Unfortunately, category 9 does not cover renovation or repairs to churches as it is obvious that they do not qualify as housing. You will no doubt be aware that alterations to listed buildings can be zero-rated but not repairs. This is because this zero rate is available under the derogations obtained in 1978.
The social purpose here is presumably the maintenance of the national heritage by ‘compensating’ the owners for the extra cost of altering their buildings according to planning controls. It is interesting to speculate why the cost of alterations to such a building should gain the benefit of zero-rating but not the cost of repair.
As zero-rating is not a possibility, one has to live in the real world and accept the only relief that seems to be available to help listed buildings owners with their repairs is a lower rate. As a lower rate is clearly not available under Annex H, derogation needs to be sought to get one. But how do you go about this?
In principle, this is a straightforward procedure under art. 27(1). The Government simply informs the European Commission that it wishes to add repairs of listed buildings used for worship to Annex H. Then the clock runs for one month to allow the Commission to inform members and then two months more to allow members to object. If nobody objects then the derogation is approved in three months.
But if an objection is made the problems mount up – and there is likely to be one in this case. In my view, the request does not appear to meet the conditions for an approval. It is not sufficient simply to decide you want to have a lower rate for whatever reason. The government must be able to show that the derogation is made:
• to simplify procedures for charging VAT; or
• to prevent tax evasion or avoidance.
Furthermore, any simplification procedure must not affect the amount of tax due at the final consumption stage, except to a negligible amount.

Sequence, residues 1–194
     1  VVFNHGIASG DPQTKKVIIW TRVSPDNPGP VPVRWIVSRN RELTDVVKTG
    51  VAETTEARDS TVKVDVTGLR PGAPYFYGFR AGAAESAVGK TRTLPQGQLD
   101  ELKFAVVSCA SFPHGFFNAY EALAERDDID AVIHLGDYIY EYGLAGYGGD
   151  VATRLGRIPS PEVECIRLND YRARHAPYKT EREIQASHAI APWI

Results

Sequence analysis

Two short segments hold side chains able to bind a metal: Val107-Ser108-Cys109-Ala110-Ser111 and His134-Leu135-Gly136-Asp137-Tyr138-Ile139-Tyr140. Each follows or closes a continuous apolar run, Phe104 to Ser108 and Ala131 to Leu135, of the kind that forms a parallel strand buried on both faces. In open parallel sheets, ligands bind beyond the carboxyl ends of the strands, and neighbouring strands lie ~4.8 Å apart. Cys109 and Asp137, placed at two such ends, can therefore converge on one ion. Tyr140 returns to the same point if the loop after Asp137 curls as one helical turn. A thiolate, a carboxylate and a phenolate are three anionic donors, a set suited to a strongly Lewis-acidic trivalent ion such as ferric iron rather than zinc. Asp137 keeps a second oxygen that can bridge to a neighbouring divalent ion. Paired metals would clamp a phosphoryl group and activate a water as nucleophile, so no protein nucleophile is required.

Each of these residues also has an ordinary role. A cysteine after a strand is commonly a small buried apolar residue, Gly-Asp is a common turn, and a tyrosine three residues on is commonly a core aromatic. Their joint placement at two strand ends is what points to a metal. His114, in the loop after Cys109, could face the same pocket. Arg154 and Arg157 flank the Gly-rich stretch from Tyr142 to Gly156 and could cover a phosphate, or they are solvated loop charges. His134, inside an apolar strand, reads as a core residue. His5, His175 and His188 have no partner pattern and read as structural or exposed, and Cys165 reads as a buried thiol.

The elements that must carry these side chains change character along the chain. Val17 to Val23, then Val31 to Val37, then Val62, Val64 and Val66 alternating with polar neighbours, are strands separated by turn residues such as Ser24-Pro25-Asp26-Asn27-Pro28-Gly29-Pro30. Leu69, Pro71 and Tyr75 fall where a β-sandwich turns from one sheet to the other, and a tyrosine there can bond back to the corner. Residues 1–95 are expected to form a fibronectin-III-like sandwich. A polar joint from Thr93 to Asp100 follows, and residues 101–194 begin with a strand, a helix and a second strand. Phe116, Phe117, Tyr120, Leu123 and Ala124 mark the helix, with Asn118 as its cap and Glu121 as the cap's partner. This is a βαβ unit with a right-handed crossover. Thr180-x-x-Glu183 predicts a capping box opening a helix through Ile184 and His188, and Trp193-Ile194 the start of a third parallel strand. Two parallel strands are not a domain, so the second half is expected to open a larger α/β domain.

We need to ask if the application meets the conditions. How is a lower rating for repairs a simplification measure? This area normally covers measures such as cash accounting and retail schemes. Similarly, it is hard to argue a reduction in the VAT rate will only have negligible impact on the tax take. It is hardly an anti-evasion or avoidance measure either. The cynics may say that as it must be approved unanimously by the Council of Ministers, who never agree on anything, it has very little chance indeed. Perhaps it will only happen if it is used as a pawn in a political fix.
Rumours did suggest that a derogation might be accepted in 2003, but as it did not fit with the Government agenda it was announced in the Budget that grants are to be offered instead of a VAT rate reduction. This will cover any extra VAT incurred where the higher rate is charged on qualifying expenditure. A nice political fix!
The difference in treatment between the two proposals illustrates the need for the government to consider the ramifications of the sixth directive before making any proposal for changes in VAT legislation. If you cannot do something because of European law, any kudos you may receive initially will soon turn to brickbats as the issues rumble on.
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May 2001 by